Portfolio Day at the Art Institute

Yesterday my daughter and I did portfolio day at the Art Institute. We spent four hours standing in long lines to have her portfolio reviewed by our top picks for Art schools in the country. We did this last year too. That time each school we saw gave her very conflicting advice about what they wanted to see in a portfolio. One said more drawing another said nothing but design work but they all said she had too much stuff. I kind of knew that, but she had so much good work in so many areas that I thought we should show a decent sampling of her talents.

This year we narrowed it down concentrating on graphic design work. We made sure she had a good selection of life drawing, still life’s, gestural, line, and rendered pencil drawings, a few photos, (she has an excellent eye but that is not her intended major), several logos, package designs, identity packages and several pieces that involve photo collage combined with drawing and design elements. This year the response from the schools was amazing. They all said very similar things. Every one was very positive the only suggestion was to take a couple projects to a more finished level (photographing the final product) when submitting her portfolio. We saw Otis (where I went to school), Art Center, RISD (the hugest lines), the Art Institute and then we ran out of time.

creme Portfolio Day at the Art InstituteWe celebrated her success with lunch at the Art Institutes museum restaurant. Yumm.

I think her first choice is Art center, followed by Otis. I don’t think any of us are ready to send her off across the country to go to school next year on her own though. So we may do a year of community college and work on getting those SAT’s taken. Then really start investigating scholarships, boy is art school expensive.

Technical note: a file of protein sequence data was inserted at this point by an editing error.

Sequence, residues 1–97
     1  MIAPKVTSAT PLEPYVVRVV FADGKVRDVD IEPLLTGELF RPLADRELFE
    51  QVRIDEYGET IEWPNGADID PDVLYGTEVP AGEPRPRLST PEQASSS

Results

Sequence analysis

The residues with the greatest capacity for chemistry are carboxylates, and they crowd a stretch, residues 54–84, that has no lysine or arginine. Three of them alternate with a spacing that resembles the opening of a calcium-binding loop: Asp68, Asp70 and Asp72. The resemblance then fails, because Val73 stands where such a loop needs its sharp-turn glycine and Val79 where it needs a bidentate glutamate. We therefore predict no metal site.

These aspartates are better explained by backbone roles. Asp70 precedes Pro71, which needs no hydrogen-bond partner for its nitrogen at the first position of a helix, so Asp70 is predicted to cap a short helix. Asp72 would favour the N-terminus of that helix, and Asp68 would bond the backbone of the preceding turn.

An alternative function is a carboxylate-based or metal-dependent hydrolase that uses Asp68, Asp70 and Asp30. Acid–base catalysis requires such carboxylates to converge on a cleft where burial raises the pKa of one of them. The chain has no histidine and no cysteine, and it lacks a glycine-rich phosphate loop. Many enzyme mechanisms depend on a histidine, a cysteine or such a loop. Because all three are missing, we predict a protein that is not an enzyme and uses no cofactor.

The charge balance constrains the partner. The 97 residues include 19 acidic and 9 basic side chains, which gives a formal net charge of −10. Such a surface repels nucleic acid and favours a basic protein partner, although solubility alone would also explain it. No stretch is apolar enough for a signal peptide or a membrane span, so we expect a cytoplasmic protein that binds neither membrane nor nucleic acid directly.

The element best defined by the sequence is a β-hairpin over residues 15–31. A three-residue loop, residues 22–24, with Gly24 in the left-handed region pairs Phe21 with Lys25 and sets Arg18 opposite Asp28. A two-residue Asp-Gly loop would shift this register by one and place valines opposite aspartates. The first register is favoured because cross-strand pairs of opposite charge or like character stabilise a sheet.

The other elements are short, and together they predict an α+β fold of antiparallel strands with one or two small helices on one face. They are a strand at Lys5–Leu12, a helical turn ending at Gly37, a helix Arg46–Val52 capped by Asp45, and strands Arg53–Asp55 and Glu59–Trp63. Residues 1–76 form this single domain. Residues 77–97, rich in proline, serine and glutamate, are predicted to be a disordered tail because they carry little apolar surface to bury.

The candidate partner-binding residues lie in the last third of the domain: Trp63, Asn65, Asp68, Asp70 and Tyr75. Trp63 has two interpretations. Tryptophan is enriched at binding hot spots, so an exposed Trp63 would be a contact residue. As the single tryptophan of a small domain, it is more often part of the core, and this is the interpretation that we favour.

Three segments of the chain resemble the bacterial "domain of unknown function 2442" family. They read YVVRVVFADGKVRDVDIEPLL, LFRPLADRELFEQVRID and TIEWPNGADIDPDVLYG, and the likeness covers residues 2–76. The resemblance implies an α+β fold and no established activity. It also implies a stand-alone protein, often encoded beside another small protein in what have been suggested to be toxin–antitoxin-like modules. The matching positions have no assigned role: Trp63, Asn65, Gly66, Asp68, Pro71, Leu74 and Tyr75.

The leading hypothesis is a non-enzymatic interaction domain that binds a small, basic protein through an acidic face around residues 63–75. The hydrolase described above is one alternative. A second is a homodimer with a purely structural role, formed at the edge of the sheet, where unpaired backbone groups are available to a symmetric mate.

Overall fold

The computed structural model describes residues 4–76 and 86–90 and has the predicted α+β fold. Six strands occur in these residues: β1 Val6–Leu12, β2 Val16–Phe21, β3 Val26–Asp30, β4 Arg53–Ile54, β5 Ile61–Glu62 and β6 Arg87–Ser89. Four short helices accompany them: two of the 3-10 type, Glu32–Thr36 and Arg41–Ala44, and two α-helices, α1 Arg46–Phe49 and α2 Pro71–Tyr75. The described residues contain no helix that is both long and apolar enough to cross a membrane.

4 Responses to “Portfolio Day at the Art Institute”

  1. kristin L says:

    You sure hit the big ones! Congrats to Nina on all her obvious hard work and the great response. I went to UCLA for a year before transfering to Otis. I was an art major there as well, but in addition to art history and a sculpture class, I took Comparative lit, French, Bio 101, and a few other things that I knew would be of a better caliber than at Otis, and that I’d have a bigger variety of courses to choose from in each category. I still had to do four years at Otis, but I had a lighter load since I’d already taken all my non-art classes. I think a year or so at a community college could only help Nina in her journey!

  2. Tami says:

    That’s great! I would echo Kristin’s recommendation of taking non-art classes at a community college first. I also went to Otis. Since it was my second degree I transfered all the non-art requirements from UCSB. It meant that I could really concentrate all of my time on the important classes. Also Otis just wasn’t that strong in their non-art classes when I went. Perhaps that’s changed over the years, but why worry about it? Just make sure that you find out precisely what the rules are about transfering classes before taking any. I had to get special permission to transfer my English courses – even when I was an English major at UCSB! And yes, very expensive. I’m still paying for it all these years later.

  3. I did the same as you both. I transferred to Otis after being at another school. I was so glad i took all my GE classes elsewhere too. I think the classes were better and I also could concentrate on just the art when I went to Otis.

    After a few years in junior college, Otis reluctantly let me transfer as a sophomore. So I spent 6 years getting my BFA.

  4. Anonymous says:

    I was a student at the Art Inst. of Chicago in the days before the remodel. It was an expensive school then but I was on scholarship.After two and a half years I felt that I wasnt getting much out of the school that I wanted so I stopped going. No BFA but I really expanded on my art and am happy I did so. School is not for everyone.

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